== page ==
Helpful hints/ideas to help children and young people learn about growing up

Promoting an open safe and supportive learning environment
  • Start early discussing all range of topics about growing up with your children so they become used to and comfortable before introducing ‘harder topics.’
  • Raising topics about growing up and development is important for all children – you will just use different ways for your child with a disability, but still cover the same areas.
  • This is particularly important as research shows that parents who have children with a disability are more likely to raise topics later in the child’s development and discuss fewer topics (than with their other children) when the opposite strategy is needed.
  • Children with disability are as interested as all children with learning about growing up.
  • We can be sure that they (like many children) are most likely picking up information now from TV shows, videos, media, peers. Some of these may be promoting unhelpful and unrealistic ‘romanticised’ or even negative images and information therefore it is important that they have access to accurate and empowering information.
  • Children with disabilities need more time than their peers and at least the same if not more information.
  • Parents are also less likely to be aware if their child is sexually active than their other children (Pownall, Andrew & Hastings, 2012).
Be the drivers
  • Promoting an environment in your family where you create a safe and supportive space for children to explore topics about growing up is essential, so that they feel comfortable to come back and ask any questions they want.
  • Be aware that it will be up to you as parents to drive conversations
  • Encourage both parents to be involved in these discussions & to do that on a number of occasions, because your children probably won’t raise these topics, but do need to know about them.
  • Remember that children with a disability will need to have the changes that are occurring as they grow up explained and repeated to them well in advance of them actually happening, especially given that so much change will occur at one time.
  • Make the most of opportunities and everyday situations that can lead to discussions on many topics but particularly more confronting topics. You want to promote an atmosphere of safety and comfort around these topics – you may want to create a box for children to write down a question (or ask someone else to do for them) that they may be too shy to say out loud.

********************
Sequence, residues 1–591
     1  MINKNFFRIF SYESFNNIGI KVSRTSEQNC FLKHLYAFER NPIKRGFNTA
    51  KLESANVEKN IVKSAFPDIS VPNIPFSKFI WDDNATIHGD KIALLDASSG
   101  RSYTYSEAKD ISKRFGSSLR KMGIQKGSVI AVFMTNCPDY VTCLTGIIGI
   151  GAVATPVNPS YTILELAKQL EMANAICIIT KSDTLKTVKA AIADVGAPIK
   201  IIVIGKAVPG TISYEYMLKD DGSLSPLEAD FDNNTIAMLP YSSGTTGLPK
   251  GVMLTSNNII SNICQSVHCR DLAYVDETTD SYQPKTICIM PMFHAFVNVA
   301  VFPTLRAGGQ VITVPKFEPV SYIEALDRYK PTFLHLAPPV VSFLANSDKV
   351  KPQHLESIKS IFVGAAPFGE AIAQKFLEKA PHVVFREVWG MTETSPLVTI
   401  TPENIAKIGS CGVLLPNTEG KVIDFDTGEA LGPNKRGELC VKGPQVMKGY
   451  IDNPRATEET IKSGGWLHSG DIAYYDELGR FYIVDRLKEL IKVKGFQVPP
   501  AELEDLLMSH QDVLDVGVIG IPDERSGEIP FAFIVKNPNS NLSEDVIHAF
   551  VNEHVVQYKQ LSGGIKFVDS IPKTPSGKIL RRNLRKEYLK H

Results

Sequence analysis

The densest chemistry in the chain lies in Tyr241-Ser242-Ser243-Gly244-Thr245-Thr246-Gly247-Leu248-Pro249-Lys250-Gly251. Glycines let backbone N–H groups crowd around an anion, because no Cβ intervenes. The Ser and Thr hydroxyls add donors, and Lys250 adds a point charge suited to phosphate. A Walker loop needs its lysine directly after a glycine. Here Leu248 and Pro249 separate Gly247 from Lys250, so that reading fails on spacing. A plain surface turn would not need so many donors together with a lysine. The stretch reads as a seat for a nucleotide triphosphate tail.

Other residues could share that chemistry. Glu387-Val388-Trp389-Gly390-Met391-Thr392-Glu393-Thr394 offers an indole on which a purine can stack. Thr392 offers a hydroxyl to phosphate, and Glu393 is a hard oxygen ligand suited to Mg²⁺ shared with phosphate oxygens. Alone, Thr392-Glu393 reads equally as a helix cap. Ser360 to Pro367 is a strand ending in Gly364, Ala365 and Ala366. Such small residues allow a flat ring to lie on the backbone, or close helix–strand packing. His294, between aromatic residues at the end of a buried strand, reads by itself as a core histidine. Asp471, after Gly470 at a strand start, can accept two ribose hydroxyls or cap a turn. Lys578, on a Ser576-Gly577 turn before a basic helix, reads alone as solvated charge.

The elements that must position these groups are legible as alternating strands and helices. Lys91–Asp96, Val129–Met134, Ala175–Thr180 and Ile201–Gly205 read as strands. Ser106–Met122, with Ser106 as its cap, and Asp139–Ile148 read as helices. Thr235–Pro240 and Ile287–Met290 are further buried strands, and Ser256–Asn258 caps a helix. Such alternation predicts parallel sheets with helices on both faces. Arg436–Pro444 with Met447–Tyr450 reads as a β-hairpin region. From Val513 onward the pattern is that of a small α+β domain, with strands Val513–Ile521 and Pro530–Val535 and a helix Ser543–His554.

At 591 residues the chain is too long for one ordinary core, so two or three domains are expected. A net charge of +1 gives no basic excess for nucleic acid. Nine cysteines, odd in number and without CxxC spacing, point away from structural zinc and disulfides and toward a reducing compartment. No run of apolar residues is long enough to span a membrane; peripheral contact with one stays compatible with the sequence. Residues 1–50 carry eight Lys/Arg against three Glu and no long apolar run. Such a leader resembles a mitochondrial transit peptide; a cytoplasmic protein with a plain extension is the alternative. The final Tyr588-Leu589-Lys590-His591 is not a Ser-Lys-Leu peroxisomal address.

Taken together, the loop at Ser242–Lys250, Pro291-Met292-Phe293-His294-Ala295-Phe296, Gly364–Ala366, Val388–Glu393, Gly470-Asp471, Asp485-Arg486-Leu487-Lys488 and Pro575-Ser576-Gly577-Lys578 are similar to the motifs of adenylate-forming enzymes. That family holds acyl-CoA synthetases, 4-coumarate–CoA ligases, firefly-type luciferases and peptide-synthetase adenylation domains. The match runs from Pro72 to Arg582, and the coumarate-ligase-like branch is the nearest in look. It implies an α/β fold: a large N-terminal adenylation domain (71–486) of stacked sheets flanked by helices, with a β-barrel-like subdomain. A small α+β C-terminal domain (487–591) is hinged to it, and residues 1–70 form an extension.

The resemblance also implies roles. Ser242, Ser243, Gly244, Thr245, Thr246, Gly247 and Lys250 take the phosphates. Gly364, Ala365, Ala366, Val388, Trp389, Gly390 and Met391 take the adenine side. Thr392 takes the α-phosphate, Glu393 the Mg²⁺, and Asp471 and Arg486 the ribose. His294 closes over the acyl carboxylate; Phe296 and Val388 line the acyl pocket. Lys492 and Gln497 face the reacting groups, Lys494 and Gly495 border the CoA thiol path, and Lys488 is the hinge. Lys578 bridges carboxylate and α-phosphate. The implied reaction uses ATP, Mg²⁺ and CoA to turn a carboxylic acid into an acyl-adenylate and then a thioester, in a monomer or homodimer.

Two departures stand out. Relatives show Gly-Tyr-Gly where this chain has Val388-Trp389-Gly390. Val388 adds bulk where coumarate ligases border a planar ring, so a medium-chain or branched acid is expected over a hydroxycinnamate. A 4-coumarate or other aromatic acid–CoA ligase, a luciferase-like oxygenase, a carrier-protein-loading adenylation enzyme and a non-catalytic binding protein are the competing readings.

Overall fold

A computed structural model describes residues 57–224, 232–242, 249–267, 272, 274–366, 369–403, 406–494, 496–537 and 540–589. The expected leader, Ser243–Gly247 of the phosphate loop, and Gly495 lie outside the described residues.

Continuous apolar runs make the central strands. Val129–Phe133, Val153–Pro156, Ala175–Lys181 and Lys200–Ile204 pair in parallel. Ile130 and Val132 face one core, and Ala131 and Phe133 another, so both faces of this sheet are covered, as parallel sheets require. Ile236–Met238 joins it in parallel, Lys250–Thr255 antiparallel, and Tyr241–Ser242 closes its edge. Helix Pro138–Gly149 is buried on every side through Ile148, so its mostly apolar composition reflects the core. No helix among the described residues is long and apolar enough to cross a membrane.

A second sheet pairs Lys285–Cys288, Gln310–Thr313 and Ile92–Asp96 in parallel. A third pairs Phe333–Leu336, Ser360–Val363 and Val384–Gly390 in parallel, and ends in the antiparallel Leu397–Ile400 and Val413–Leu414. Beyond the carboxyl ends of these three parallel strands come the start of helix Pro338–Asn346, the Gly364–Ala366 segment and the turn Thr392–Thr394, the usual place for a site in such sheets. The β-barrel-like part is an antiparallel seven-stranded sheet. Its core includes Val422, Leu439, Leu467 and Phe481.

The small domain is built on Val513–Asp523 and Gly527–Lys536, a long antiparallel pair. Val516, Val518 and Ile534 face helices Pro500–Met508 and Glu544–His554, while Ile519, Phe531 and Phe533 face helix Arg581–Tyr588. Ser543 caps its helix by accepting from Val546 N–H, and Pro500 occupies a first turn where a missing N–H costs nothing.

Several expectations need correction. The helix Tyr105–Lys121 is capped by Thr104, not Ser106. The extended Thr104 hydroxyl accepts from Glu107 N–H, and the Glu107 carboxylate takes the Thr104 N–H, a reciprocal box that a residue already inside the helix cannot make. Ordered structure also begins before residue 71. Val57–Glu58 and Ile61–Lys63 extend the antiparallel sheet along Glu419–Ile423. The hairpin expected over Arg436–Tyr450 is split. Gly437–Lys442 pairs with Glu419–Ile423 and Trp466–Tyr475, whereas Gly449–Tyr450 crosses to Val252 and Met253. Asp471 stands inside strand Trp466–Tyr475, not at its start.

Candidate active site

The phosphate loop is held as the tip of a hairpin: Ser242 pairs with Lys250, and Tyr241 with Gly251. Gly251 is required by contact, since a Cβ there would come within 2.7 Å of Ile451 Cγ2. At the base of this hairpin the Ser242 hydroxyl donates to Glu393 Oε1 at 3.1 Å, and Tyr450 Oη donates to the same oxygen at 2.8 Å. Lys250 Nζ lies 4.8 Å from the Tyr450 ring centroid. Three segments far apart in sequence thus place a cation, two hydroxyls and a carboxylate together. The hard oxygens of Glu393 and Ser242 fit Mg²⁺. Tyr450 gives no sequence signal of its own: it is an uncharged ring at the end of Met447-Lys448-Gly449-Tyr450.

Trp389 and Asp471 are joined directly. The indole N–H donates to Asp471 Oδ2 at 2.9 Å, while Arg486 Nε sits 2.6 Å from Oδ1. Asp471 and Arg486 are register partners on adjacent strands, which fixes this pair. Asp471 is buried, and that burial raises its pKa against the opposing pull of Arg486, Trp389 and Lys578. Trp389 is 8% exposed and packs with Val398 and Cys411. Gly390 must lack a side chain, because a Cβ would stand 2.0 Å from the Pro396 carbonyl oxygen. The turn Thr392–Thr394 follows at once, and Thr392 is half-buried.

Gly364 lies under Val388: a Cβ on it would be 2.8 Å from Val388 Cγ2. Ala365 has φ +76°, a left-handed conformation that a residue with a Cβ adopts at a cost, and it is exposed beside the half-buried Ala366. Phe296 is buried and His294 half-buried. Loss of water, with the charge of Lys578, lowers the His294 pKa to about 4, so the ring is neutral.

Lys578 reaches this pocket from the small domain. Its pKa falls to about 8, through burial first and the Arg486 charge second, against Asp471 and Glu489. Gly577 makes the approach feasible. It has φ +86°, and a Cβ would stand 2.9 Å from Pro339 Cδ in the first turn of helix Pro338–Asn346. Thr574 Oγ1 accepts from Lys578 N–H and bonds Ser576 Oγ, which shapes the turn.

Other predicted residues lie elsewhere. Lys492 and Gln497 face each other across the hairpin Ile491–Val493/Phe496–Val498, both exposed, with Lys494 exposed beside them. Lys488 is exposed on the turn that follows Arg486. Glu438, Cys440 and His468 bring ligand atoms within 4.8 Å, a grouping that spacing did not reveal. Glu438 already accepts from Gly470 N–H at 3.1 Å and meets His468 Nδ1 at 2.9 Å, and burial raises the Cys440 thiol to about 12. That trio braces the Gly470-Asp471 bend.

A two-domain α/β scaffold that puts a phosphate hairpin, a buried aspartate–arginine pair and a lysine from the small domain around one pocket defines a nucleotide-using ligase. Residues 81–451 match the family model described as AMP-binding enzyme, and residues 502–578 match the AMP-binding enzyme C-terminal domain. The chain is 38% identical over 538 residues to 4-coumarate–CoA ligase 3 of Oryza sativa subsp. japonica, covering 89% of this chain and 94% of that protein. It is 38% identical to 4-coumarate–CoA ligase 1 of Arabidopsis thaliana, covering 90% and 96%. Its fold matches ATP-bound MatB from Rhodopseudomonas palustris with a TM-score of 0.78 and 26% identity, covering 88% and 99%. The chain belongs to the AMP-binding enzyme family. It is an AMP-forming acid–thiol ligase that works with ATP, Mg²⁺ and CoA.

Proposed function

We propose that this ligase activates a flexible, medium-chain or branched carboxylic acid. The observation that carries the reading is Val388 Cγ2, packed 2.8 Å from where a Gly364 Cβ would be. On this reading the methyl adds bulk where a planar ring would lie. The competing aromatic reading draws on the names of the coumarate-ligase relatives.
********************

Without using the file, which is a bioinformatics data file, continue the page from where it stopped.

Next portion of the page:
How to discuss topics about growing up – be creative – have fun
  • Take small steps with your child, stepping into this new situation. Don’t try to cover too much at the one time. Mix it up with lighter topics.
  • Feel confident even if the steps are small and are repeated. It’s the same as with other skills you teach your children – it will need lots of practising and reinforcing.
  • It is most helpful to discuss these topics by breaking down the steps, repeating them on a number of occasions e.g. how their body will start to look and feel different.
  • Use and provide information produced in a simple format, that is age appropriate, be conscious of the language used, use information in ways they will understand (matched to their particular disability) and make it interesting, fun. Use plain language and accurate terms for body parts (e.g. penis and vagina and whatever terms you use with your other children).
  • See how receptive the child is towards hearing about this information; be guided by the child by how much to cover on each occasion. There will always be another time.
  • Therefore it’s good to introduce a bit of creativity into these interactions – create scenarios, stories about how they might respond to different situations, get them to practice with you – if that’s a good technique for your child. Knowing of course that will change from when they are pre-school, school aged, young and older adolescent and young adult.